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Nalbandian's double fault at Queen's

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Jonathan Overend | 23:27 UK time, Sunday, 17 June 2012

As they say in football or rugby, he simply had to go.

David Nalbandian left the ATP officials with no choice but to issue an instant 'red card', or at least the tennis equivalent - a default - after injuring a line judge in the dramatic end to the Queen's final.

He didn't mean it and admitted his mistake - an instinctive action of fury and frustration - but the vicious assault on the advertising hoarding and the inevitable impact on the line judge, who was struck on the leg at point blank range, was indefensible.

How can anyone draw blood from an official and expect to stay on the field of play?

The board, which he didn't just kick but belted into next week, was directly in front of the line judge's chair. Nalbandian was facing the official and surely knew his proximity when he lashed out.

David Nalbandian argues against his disqualification at Queen's

Nalbandian's decision to query his disqualification added insult to injury. Photo: Getty

He didn't mean to injure him, of course, but it was the height of stupidity.

The look on the face of the line judge, who received on-site treatment but no stitches, reflected the general feeling. It was a look, first and foremost, of utter disbelief.

The tournament and the ATP got it absolutely right. Default was the only option.

You can't change the rules just because it's a high-profile final on terrestrial television, or because important corporates are being entertained, with thousands more paying big money for their sought-after tickets.

The up-market crowd were booing and stamping because they wanted more entertainment but it was hardly a protest to be taken seriously. This wasn't an exhibition.
Many hadn't even seen the incident, certainly not up close, and I suspect many others didn't actually know why they were booing.

But off they went with their Sloaney revolt.

They were booing Chris Kermode the tournament director, who had no involvement in the decision, and booing the ground staff for bringing on the trophy, when they would normally be complimented on the annual excellence of the courts.

Goodness, they even booed Sue Barker. "Shh, shh, shh," she said into the microphone, finally settling them down.

In fairness to the crowd, most were oblivious to the severity of the incident. ATP rules had to be enforced and perhaps this should have been conveyed in a louder and more forceful manner over the PA system.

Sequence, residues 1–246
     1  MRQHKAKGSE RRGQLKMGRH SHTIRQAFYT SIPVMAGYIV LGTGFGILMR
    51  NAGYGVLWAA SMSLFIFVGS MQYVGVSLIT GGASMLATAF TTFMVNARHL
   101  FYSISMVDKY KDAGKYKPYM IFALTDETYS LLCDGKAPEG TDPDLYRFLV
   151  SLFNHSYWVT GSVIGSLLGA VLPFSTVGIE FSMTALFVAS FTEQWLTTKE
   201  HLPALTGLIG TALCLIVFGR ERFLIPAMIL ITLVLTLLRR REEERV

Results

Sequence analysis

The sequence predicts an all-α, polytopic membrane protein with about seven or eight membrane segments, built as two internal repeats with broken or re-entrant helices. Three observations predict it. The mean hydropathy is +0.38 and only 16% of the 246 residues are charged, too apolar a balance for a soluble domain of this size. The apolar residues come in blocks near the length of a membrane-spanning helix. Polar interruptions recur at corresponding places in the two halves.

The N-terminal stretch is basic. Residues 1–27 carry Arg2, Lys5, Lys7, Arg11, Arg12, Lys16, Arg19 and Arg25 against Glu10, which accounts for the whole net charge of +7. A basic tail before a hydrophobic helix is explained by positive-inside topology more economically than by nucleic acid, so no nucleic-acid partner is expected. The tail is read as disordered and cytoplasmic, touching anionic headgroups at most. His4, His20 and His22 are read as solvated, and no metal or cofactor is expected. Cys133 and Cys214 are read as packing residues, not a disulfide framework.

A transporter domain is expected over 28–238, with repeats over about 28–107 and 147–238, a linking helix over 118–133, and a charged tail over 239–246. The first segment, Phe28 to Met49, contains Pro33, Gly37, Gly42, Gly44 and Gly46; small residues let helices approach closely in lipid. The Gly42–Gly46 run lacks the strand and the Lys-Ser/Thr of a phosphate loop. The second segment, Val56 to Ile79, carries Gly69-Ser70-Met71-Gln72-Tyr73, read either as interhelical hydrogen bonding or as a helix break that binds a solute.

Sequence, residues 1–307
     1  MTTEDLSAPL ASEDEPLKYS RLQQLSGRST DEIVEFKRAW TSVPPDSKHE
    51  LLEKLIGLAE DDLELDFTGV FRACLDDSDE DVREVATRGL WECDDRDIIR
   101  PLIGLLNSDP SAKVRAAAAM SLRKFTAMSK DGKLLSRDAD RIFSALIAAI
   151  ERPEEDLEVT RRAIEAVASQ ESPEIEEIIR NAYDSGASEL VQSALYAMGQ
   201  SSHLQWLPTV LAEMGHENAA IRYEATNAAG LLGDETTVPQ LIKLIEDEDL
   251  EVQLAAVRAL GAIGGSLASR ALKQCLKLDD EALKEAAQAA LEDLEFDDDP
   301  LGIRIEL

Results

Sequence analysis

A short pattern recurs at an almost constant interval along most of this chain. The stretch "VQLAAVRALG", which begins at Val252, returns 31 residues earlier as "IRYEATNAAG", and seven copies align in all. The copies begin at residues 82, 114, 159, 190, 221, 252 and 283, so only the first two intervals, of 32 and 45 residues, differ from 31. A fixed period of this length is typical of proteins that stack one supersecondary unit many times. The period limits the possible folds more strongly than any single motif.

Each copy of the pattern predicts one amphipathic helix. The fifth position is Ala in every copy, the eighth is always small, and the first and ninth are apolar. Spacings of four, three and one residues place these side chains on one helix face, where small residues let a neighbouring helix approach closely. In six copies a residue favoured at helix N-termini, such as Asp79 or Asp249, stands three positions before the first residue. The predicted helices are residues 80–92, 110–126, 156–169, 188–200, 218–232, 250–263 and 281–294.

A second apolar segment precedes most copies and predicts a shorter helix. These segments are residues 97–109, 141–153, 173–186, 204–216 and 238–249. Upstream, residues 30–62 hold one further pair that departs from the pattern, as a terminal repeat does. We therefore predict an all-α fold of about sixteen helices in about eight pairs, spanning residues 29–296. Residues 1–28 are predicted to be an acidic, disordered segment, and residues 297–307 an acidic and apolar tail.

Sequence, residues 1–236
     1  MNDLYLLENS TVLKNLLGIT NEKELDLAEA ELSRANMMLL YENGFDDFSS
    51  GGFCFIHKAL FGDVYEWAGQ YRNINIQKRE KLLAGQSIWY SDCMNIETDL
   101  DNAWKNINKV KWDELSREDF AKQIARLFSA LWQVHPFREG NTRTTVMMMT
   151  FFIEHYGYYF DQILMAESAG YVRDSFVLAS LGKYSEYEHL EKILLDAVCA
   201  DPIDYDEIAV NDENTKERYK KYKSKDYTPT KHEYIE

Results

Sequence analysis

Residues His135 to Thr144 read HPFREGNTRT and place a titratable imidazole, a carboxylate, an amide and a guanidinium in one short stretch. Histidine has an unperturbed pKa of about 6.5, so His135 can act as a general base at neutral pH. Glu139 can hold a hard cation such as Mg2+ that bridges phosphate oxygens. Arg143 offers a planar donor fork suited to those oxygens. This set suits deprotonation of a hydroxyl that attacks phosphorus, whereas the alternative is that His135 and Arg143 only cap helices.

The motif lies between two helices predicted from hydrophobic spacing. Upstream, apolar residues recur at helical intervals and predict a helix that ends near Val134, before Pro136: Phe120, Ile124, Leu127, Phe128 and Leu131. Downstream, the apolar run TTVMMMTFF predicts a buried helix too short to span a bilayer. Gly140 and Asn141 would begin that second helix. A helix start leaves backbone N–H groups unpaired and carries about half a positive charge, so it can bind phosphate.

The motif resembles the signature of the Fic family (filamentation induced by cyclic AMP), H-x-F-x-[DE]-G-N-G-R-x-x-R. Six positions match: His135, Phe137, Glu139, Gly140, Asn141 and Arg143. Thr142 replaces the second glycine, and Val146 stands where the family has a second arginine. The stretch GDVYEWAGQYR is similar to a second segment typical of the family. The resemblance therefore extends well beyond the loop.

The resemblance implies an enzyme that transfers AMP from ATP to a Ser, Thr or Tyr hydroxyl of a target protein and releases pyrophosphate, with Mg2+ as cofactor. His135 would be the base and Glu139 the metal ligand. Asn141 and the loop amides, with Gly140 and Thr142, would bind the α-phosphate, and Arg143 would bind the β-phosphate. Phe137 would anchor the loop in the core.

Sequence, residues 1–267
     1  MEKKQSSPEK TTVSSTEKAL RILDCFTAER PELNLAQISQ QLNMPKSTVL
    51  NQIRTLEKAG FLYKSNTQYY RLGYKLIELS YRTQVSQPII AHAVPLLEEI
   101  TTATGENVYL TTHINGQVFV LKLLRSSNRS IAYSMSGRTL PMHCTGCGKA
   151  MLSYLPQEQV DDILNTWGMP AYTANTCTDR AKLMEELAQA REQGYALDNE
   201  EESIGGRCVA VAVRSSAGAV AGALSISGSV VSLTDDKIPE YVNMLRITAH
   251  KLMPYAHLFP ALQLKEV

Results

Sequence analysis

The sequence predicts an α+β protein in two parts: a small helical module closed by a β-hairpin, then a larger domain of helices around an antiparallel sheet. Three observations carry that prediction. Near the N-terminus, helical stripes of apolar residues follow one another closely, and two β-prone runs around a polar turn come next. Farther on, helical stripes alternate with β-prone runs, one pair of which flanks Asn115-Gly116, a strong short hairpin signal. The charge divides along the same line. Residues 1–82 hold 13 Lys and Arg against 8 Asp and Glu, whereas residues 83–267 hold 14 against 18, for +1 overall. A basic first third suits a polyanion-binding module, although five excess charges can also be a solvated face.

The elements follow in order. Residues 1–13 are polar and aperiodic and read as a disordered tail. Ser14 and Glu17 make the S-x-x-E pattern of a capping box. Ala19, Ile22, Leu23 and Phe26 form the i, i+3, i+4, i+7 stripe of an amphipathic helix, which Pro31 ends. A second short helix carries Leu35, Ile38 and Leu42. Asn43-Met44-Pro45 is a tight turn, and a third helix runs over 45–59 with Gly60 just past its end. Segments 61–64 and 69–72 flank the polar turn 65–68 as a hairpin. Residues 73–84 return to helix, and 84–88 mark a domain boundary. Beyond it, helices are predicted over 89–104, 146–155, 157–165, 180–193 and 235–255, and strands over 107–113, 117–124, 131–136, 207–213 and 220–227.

Later, as the crowd dispersed, Nalbandian held court in a packed press conference room.

His apology on court had been tarnished by an ill-advised rant at the ATP for having too many rules and, even an hour and a half later, he was still inserting "but" into every answer.

Yes, it was a mistake. But sometimes you get angry.

Yes, it was a mistake. But look at all the rules the players have to sign up to. Too many rules.

Yes, it was a mistake. But when it happens somewhere else nothing happens.

Swearing and racquet throwing, dangerous surfaces, pressure on the players. He was talking about this, that and everything.

It was a poor attempt at introducing mitigating circumstances to a self-confessed error of judgement.

Lost in all the drama was the actual champion. Congratulations Marin Cilic, you deserved the title and didn't deserve to be booed for it.

The Croatian played some terrific tennis, recovering well after Nalbandian's strong start, and looked to be on course for a comeback victory when the match was stopped.

Although in good spirits afterwards, it was hard not to feel sorry for him. He didn't get a match-point moment to celebrate and his victory ceremony, one of the moments of his career, was tarnished by the crowd over-reaction.

Sadly, as night fell, the talk of the Queen's terrace was not of a worthy champion, but of the rebel runner-up and the dramatic drawing of blood on the lawns.

Comments

  • Comment number 1.

    Yes yes, what a stupid boy...

    However, I'm all for the destruction of garish advertising. Does it really need to be around someone's chair? I doubt he would have lashed out at someone's leg directly. Queens used to be a much classier event back in the day.

  • Comment number 2.